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The role of participatory management in fostering job satisfaction among public administration employees


  • Miodraga Stefanovska-Petkovska

    (University American College Skopje)

  • Marjan Bojadziev

    (University American College Skopje)

  • Vesna Velikj Stefanovska

    (Institute of Epidemiology and biostatistics, Medical Faculty University)


The concept of job satisfaction has intrigued a debate that has extended outside the academic community and into the business and government sphere. Both academics and public managers agree that the existence of participative management improves job satisfaction of public administration employees. Being challenged with the goal of creating a high-performing, accountable and goal oriented government service, public management professionals have utilized strategic planning and participative management. The goal of this research is to explore the role between participative management and job satisfaction among public administration employees. More specifically, the research investigates the use of participative management by the managers, existence of strategic participatory planning process and the communication between the manager and employees. A total of 532 public administration employees, from four cities in Republic of Macedonia were involved in the survey. The research results from the multiple regression analysis indicate that there is a positive association between positive levels of reported job satisfaction by employees and their reporting of participatory management style and participatory strategic planning processes. In addition the research results suggest that the effectiveness of supervisory communication has a significant effect on the level of reported job satisfaction by the employees. The significance of this research is in its contribution to the understanding of the role of participative management in creating a satisfied public administration workforce. Based on the research results, recommendations will be discussed both for managers of public administration and academic researchers in the relevant field. Both business and government leaders and managers agree that an essential ingredient to organizational success is employee’s job satisfaction (Voon et al, 2010). This can be defined as s a positive or pleasing emotional state from the appraisal of one’s job or experience (Locke, 1976). By affecting the overall performance of the organization, job satisfaction affects the reported levels of job dissatisfaction, absenteeism, grievance expression, tardiness, low morale, high turnover and participatory decision making (Lee and Ahmad, 2009). Taking all of this into account, the shift to participatory management in the public sector is almost inevitable and has long been recognized as a critical ingredient in the creation of a more satisfied public administration workforce (Lichtenstein, 2000). However the review of the relevant literature uncovers that there is limited evidence of how participatory management influences the levels of job satisfaction among employees in the public sector. In addition, participatory management and levels and determinants of job satisfaction among public administration employees in developing countries remain scarce.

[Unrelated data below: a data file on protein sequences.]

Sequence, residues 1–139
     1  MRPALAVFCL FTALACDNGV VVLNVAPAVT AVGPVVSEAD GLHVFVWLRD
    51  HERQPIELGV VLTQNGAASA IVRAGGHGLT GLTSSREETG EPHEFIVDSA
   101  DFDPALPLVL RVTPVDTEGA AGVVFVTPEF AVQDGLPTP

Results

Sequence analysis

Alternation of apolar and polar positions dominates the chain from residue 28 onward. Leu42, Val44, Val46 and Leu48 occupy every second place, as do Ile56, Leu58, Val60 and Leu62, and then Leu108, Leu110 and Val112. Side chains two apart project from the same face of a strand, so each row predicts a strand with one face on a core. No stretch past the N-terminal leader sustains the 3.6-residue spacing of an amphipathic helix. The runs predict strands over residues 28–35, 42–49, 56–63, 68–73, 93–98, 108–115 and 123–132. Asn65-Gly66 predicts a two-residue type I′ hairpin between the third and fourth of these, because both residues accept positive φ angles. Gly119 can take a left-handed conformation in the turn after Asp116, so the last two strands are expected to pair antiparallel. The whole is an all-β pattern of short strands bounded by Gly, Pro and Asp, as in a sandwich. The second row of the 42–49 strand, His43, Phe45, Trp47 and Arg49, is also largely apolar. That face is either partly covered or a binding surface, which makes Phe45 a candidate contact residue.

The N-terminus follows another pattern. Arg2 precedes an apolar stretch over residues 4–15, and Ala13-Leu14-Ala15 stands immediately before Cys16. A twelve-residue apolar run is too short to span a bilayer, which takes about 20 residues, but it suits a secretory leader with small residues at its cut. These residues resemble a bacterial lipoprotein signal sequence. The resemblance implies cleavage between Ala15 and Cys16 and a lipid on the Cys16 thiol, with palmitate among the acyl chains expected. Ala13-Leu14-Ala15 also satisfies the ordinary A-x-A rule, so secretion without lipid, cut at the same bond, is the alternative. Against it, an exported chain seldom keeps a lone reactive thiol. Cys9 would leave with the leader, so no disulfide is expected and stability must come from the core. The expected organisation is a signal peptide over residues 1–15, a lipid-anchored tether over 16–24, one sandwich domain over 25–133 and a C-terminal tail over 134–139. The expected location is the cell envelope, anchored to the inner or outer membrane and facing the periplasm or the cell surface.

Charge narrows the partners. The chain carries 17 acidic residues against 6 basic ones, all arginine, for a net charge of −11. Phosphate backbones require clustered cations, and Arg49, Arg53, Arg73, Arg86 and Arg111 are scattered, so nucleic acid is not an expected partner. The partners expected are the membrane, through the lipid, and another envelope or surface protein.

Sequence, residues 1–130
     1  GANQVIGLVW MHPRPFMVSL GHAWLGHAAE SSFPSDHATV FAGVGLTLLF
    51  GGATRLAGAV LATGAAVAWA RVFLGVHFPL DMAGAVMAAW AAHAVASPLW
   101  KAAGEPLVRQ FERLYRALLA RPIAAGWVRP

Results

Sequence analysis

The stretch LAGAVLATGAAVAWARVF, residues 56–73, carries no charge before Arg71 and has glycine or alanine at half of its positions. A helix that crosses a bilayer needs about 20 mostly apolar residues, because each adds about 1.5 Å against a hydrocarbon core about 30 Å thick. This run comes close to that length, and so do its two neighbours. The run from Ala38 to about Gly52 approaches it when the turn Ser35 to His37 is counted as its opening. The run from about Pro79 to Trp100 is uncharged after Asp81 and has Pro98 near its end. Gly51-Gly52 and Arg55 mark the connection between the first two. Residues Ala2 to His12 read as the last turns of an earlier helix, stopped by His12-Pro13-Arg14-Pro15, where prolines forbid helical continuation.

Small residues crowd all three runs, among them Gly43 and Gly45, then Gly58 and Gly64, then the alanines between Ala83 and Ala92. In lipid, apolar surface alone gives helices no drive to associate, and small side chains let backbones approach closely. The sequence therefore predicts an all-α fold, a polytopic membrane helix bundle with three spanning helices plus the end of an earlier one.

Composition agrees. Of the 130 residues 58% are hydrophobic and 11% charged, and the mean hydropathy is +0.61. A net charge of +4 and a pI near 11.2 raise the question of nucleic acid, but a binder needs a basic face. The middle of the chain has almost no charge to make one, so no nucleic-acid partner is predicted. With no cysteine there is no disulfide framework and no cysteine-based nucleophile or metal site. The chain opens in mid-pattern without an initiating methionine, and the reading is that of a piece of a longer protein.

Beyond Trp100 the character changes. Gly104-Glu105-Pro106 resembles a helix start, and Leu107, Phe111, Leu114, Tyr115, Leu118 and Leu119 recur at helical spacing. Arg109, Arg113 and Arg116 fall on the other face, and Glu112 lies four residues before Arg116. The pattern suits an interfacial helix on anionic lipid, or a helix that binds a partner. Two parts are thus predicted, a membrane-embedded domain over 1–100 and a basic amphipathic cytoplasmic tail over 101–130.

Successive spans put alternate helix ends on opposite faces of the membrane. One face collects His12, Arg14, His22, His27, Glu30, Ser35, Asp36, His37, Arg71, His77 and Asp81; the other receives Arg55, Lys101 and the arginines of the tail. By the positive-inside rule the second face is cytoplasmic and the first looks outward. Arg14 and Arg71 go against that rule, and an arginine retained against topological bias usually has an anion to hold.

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  • Miodraga Stefanovska-Petkovska & Marjan Bojadziev & Vesna Velikj Stefanovska, 2014. "The role of participatory management in fostering job satisfaction among public administration employees," Working Papers 2014/27, Maastricht School of Management.
  • Handle: RePEc:msm:wpaper:2014/27

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    References listed on IDEAS

    1. Clark, Andrew E. & Oswald, Andrew J. & Warr, Peter B., 1994. "Is job satisfaction u-shaped in age ?," CEPREMAP Working Papers (Couverture Orange) 9407, CEPREMAP.
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